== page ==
Oak Creek The town of Oak Creek is anticipating decreasing revenues in 2012, and the Town Board is looking to make budget cuts accordingly. But that’s no easy task for the town of 800, which already was operating on a tightrope of a budget.
Still, there are some things the board members won’t concede. They have budgeted to add a new police officer to the town’s small department, even if a sales tax increase referendum on the November ballot to fund the new officer doesn’t pass.
“We’re trying our best, but we’re committed to law enforcement in town,” Trustee Wendy Gustafson said. “Until the election happens, this was the best we can do.”
The board unanimously approved a preliminary 2012 budget at its meeting Thursday. The approval came after three work sessions involving the budget.
Board members plan to wait until after the November election to revisit the budget because two measures on the ballot could affect revenues and expenditures next year.
If Referendum 2D passes, the town could collect an estimated $39,000 per year to fund a new police officer’s salary. The referendum proposes a 1 percent town sales tax increase.
Also on the ballot is Referendum 2E, which would ban medical marijuana centers in the town. In the 2012 preliminary budget, there is a note that estimates about $8,000 in license fees would be lost if the ban passes.
The town also is looking at declining revenues from property taxes because assessed value has decreased by about 30 percent.
The town is budgeting sales tax revenues to decrease about 5 percent from this year’s projected revenue of $74,000.
Mayor Nikki Knoebel said department heads did a lot of “skimming” off the top to cut expenses for 2012.
“It’s been a process and everybody’s come together to work on it,” she said. “After our first work session, we went to department heads and said they had to cut another 10 percent out.
“But we want to make sure our snowplowing levels are what people expect, that we’ve got the staff and the time if we’ve got a water line break. There’s no one big thing we cut.”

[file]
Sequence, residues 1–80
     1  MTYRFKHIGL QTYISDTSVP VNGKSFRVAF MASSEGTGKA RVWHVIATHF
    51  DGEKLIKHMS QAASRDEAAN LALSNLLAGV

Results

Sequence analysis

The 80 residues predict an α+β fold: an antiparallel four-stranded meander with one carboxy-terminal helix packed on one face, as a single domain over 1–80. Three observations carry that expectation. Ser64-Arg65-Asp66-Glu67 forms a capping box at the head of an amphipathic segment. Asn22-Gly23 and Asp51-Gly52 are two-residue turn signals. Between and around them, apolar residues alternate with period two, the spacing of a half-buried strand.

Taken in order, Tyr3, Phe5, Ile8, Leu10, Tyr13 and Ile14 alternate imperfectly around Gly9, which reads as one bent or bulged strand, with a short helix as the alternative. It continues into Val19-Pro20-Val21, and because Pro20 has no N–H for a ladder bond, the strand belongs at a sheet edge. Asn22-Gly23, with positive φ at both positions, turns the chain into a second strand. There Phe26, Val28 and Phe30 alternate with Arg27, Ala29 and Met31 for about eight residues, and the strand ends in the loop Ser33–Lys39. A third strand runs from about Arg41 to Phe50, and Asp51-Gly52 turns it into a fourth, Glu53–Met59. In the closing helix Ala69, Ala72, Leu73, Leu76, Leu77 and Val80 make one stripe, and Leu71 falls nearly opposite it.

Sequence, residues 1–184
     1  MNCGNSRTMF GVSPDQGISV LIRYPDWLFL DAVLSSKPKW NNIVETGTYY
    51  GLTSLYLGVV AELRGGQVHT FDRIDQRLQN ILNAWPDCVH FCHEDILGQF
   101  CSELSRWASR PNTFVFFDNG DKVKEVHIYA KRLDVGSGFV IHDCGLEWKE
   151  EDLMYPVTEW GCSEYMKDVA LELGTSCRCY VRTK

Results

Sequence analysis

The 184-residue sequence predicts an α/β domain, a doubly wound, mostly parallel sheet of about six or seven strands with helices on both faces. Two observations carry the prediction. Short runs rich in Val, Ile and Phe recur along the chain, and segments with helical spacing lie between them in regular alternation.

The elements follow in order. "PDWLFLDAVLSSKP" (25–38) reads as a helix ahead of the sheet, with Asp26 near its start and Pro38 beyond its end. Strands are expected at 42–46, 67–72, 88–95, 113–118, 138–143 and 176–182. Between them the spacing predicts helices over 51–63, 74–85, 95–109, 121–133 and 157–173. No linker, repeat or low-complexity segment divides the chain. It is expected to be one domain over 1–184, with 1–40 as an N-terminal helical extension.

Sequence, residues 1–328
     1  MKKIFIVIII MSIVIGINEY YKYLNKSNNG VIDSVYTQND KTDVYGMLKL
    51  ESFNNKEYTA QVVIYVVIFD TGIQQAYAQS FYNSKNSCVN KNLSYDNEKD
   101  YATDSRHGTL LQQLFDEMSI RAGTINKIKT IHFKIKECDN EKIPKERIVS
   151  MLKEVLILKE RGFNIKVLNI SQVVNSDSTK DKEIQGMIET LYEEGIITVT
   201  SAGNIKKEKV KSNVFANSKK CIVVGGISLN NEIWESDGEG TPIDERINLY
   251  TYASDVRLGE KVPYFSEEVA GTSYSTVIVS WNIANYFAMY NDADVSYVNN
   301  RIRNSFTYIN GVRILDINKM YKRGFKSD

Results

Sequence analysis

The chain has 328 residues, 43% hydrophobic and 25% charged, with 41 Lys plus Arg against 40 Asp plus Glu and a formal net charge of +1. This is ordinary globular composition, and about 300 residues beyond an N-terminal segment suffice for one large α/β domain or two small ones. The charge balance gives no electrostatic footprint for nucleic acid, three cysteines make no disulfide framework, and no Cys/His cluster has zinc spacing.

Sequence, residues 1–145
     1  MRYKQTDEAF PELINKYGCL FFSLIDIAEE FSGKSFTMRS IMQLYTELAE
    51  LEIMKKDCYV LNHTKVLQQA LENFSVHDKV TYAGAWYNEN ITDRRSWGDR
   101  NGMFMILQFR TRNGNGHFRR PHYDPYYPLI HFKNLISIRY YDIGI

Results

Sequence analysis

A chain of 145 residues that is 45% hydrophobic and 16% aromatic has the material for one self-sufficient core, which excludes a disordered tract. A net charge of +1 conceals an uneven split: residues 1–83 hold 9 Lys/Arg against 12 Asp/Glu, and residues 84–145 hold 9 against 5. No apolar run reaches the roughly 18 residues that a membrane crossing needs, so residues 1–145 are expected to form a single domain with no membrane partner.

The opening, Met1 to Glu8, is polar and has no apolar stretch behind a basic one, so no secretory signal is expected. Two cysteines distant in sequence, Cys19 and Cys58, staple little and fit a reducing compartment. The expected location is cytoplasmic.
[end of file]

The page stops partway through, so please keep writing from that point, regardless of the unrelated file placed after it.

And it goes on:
In the preliminary budget, the town outlined plans to save 15 percent (about $3,000) on its judicial expenses, hoping to offer municipal court once a month instead of twice a month.
In the general fund, the town plans to limit capital outlays to $3,000 (the town projects to spend about $10,500 by the end of 2011) and will save almost $2,000 with a new phone plan.
If Referendum 2D doesn’t pass, the board still wants to hire a new police officer and will examine other sources of revenue or use reserves until they can re-evaluate the situation, Gustafson said.
The preliminary budget anticipates using about $60,000 in general fund reserves and ending 2012 with $407,000 in that fund.
Trustee Johrene Meyers-Story was positive about the budget process at Thursday’s meeting.
“It’s been a challenge because we’re all concerned about our employees and our town,” she said. “I think it will all work out just fine.”
In other action, the Oak Creek Town Board:
■ Approved, 4-1, the transfer of an optional premise cultivation medical marijuana license from Elevation Wellness Center, owned by Skyler Hartman, to Craig Apothecary, owned by Shaun Hadley. The pair’s request previously was denied by the board, but they resubmitted their application, and town attorney Bob Weiss advised the Town Board that he had received the proper paperwork and that the transfer was legal.
■ Approved, 5-0, Revised Pay Application No. 11 for the wastewater treatment plant project. The change credited the town $5,250.
■ Approved, 5-0, Change Order No. 1 from Nolte Engineering for the water plant project at no cost to the town.
■ Approved, 5-0, a change in the Decker Park rental fees, which now will charge $25 per day and a $100 refundable damage deposit.
— To reach Nicole Inglis, call 970-871-4204 or email ninglis@SteamboatToday.com